by Nirina StoneSidney is a 10 year old orphan scratching a lonely living in a giant dome when she comes across a murderous robot. Petra is programmed to kill all of those people who have the flu, so that others who are in stasis can re-emerge in a safer world. So when Sidney meets Petra, the girl fears it's the end. But something goes wrong with Petra's diagnostics, and as long as she doubts Sidney's health status Petra's mission is to protect her.
Alongside Sidney, Petra is also trying to help a scruffy man who Sidney fears is actually a cannibal raider. They're living on Allende, a ravaged post-apocalyptic far future world of nightly corrosive rain, little food, and the ruins of a once-great civilisation. The remaining people have turned to savagery and every corner they turn holds fresh dangers.
Sidney's first instinct is to run from Petra and Henry, the man she fears is a raider. The plot thickens when they encounter other suspicious people, and when Petra's programming behaves unexpectedly. Allende is a post-Earth world, so its technology is in some ways so advanced it seems like magic. In the case of its android bots their AI seems human, whilst Petra herself is supposed to be a unique model.
The story is told in the present tense, which can come across as quite abrupt and even jarring. The third person narration switches between Sidney's, Petra's, and more seldom Henry's points of view. There's a thread of them learning to trust each other and growing from strangers to friends, whilst Petra figures our what her choices mean on the occasions when she has a conflict between upholding one Allendian law or part of her programming, and another.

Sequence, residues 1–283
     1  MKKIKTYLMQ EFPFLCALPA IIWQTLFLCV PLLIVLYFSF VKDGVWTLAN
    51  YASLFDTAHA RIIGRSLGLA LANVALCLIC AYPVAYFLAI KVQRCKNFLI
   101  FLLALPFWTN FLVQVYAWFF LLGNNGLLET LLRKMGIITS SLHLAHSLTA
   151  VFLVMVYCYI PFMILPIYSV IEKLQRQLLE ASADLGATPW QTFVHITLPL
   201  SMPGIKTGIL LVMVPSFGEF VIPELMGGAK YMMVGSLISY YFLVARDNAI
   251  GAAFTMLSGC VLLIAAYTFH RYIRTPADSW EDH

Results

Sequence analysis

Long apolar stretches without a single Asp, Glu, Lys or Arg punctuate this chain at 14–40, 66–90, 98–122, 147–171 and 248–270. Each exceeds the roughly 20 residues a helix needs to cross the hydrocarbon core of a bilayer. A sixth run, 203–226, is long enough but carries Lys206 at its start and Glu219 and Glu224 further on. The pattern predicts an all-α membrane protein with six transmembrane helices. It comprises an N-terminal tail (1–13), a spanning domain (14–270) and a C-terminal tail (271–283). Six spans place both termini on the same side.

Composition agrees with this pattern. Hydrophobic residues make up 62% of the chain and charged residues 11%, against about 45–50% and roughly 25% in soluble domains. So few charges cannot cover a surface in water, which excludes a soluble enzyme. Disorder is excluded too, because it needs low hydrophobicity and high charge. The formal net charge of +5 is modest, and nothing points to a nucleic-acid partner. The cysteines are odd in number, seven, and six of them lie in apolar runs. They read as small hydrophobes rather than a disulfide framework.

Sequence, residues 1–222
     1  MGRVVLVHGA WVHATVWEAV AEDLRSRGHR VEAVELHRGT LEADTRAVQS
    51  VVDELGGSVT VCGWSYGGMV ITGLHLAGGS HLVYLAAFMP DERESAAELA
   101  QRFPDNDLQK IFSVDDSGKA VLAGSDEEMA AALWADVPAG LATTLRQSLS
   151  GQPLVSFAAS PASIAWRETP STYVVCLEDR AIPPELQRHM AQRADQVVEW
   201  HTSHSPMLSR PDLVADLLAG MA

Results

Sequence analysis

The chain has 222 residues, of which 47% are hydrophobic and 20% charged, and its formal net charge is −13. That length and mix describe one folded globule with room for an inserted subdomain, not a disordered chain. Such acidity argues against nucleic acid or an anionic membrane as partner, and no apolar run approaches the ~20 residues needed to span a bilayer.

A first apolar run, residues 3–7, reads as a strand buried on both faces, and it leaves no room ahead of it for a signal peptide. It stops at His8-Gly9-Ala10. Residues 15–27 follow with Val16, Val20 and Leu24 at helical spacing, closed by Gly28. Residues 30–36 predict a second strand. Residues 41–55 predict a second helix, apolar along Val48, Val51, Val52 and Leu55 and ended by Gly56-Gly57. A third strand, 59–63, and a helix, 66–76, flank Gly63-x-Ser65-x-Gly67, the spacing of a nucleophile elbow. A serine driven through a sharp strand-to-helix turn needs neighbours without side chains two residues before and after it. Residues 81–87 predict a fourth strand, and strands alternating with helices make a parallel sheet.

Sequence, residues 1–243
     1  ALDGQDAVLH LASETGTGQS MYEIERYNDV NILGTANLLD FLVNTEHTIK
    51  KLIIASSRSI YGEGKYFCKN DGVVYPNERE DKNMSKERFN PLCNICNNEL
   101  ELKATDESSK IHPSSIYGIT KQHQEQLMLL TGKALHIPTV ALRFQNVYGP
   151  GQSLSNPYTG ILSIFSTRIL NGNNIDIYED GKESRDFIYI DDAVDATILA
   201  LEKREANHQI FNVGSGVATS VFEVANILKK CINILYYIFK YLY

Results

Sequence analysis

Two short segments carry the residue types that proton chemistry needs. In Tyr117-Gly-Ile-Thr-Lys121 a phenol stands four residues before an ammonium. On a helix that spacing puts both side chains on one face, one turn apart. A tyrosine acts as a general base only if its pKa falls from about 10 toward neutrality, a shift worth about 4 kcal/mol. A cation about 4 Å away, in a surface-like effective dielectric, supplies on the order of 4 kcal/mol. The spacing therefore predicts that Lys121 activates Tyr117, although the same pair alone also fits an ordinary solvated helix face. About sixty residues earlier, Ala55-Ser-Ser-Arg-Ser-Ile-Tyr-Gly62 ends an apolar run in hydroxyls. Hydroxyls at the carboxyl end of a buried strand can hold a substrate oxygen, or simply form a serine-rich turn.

There is plenty of action and excitement. Depopulation has left Allende mostly with criminals and violent, selfish people who think nothing of treating others with contempt, so the main characters tend to spend a lot of time trying to escape from bad people. However, they're doing this in an Earth-like world that is nevertheless full of surprises, so there's never a dull moment. The main characters are sympathetic without being bland innocents or heroes, and they have to navigate their own moral dilemmas as they try to survive and protect the people or things they care about.
My main issue with Petra is that it takes itself rather seriously. However, it is an enjoyable, fast-paced post-apocalyptic story of android ethics and the challenges of surviving the end of the world.
4th August 2019
Review © Ros Jackson
Source: own copy